if you take to much more off you may need to adjust the mounting screws to get proper contact
     
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  21. Shambles1980

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    that looks far from done.. but seeing as you have started. you should get something better than the wooden blocks imo.
    and you need the paper to travel the whole length "left to right" of the part of the heat sink you want to lap. do that for a bit then turn the heat sink along its axis so your still working left to right, but now your working across the marks you did.

    to be honest with you.. 400 grit is not good enough. even for an "it will do" job your looking at a MINIMUM 800 grit. and i wouldnt want to leave it like that either.

    the problem your looking at now "IMO" is if you cant get it level enough you will end up with even less of the surface contacting the gpu than you did before. you dont want to sand it to a slight wedge, or have a slight mound in the middle.
    this is why people reccomended you used glass or a copper shim as these things are very flat. but as you have to hold the paper and rub that against the heat sink, rather then hold the heat sink and rub it against the paper taped down to a flat surface.. Getting the correct finish could be a bit of a pain.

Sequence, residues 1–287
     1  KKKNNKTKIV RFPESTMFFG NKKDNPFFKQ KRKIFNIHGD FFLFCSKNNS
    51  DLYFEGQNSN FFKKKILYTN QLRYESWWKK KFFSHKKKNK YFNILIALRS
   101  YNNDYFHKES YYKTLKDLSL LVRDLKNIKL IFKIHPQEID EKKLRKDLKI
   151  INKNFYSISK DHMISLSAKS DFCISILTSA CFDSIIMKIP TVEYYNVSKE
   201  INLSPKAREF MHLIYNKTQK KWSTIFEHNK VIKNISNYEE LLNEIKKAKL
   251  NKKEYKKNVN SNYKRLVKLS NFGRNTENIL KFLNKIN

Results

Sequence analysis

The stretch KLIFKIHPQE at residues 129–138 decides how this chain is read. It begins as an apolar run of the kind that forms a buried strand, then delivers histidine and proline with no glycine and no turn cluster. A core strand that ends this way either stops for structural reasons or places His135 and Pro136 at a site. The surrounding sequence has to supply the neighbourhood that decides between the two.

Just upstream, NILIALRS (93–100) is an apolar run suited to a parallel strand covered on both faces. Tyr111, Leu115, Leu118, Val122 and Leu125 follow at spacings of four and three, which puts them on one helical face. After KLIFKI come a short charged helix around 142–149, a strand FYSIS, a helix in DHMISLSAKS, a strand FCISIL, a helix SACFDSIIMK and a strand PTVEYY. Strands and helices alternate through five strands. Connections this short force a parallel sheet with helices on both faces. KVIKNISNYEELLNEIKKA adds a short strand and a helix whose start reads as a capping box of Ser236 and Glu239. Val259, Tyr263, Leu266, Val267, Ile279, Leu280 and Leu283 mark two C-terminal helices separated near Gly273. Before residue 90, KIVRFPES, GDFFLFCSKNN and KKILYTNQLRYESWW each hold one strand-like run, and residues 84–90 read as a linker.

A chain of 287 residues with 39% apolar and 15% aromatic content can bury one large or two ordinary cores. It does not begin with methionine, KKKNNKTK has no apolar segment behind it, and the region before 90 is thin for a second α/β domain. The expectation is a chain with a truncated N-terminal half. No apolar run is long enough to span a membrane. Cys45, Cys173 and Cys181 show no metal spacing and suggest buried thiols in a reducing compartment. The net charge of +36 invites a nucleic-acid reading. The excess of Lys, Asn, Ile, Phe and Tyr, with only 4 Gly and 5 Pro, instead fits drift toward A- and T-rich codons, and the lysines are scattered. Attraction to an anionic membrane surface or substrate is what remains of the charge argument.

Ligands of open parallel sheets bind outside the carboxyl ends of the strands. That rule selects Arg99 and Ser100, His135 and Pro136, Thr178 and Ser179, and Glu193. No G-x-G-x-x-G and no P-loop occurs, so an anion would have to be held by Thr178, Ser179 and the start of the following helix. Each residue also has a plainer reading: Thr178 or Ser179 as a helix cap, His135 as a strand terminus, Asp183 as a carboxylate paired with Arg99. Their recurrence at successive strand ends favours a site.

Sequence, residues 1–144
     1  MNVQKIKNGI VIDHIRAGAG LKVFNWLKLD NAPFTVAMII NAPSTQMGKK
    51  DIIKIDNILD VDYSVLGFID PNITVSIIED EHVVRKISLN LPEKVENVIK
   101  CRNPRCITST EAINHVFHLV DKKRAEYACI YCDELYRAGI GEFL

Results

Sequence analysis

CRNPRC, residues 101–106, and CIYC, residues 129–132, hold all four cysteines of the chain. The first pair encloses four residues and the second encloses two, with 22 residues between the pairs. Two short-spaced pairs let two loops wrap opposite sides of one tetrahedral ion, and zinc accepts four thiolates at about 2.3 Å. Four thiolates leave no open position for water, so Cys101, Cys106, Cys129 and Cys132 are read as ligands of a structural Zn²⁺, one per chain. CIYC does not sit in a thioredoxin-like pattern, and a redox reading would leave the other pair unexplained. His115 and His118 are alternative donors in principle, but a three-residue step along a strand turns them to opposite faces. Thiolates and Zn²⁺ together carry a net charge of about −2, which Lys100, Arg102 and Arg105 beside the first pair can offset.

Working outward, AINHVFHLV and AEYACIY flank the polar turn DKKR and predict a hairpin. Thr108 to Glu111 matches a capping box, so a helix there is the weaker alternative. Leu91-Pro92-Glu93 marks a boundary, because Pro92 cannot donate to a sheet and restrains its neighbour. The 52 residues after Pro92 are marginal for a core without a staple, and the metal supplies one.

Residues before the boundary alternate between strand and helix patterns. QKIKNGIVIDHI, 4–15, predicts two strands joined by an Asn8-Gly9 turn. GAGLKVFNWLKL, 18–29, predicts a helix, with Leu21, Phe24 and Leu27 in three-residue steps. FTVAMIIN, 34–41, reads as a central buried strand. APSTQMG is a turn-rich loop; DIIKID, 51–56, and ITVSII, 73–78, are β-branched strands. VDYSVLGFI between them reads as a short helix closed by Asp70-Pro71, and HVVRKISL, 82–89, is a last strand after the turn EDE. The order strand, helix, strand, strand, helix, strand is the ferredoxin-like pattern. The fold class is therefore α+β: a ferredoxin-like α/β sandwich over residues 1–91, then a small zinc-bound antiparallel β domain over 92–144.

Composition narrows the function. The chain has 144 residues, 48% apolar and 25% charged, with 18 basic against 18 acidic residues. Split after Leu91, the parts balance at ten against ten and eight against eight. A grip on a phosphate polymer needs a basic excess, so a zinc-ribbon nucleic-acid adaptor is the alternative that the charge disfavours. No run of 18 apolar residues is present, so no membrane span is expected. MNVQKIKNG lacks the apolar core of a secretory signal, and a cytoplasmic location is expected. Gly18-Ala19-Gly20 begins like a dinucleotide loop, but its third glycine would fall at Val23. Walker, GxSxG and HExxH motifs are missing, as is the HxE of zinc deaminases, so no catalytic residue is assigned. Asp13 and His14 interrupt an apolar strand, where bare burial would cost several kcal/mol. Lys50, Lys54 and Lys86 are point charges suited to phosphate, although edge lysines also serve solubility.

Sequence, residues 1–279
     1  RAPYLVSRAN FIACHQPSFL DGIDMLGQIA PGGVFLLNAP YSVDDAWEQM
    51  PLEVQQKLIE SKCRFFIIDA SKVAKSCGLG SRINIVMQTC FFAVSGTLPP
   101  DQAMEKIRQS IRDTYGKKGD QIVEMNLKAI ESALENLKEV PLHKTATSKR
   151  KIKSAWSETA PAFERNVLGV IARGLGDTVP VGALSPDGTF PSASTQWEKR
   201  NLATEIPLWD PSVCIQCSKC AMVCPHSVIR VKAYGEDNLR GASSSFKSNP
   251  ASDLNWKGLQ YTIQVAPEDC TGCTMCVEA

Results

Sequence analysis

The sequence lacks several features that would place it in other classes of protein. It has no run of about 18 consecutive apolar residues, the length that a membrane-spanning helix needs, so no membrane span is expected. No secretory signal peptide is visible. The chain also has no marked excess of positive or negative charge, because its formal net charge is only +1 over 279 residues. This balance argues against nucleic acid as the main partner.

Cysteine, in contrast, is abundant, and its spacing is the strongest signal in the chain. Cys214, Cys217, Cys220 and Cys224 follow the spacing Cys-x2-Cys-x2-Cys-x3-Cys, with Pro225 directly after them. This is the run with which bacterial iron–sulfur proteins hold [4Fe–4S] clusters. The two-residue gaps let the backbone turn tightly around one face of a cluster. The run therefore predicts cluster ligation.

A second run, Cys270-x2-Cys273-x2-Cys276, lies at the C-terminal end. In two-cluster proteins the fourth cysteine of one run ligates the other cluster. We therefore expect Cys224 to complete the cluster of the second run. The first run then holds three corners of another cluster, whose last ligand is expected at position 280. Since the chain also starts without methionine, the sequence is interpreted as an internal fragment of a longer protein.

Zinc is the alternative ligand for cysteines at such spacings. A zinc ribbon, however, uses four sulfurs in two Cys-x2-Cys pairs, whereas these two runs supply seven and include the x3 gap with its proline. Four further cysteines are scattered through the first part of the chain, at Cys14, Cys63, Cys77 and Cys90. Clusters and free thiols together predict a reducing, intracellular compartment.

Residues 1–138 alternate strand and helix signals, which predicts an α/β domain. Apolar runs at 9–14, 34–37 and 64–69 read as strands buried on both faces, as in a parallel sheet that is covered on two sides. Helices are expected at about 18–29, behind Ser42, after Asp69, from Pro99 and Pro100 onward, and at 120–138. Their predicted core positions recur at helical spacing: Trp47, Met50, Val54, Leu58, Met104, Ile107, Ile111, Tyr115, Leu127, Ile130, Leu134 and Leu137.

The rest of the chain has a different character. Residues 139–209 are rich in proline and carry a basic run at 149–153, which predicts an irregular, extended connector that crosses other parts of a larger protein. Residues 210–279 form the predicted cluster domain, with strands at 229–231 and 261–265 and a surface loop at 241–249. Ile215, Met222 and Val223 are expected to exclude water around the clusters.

Honestly i dont see doing it that way as being any more effective than using a drum sander attachemnt on a dremill.
    At least with the dremil you could try and make a jig of sorts to keep it level.

    any way good luck with it.
     
  22. OneMoar

    OneMoar

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    I have a fixed mount for my dremal
    and yea he bouched it pretty bad hes gonna need to go over that again with 800 then 1200 then 2000 if he wants it todo any good hes already at the point where it looks like he might need to replace the mounting studs with some shorter ones
     
  23. Vario

    Vario

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    The first pic might have been perfect if he had filled the hole first with the solder as above.
    I don't see how you could take off material to get that depression level with the rest without the result he has now, the only solution was to add material.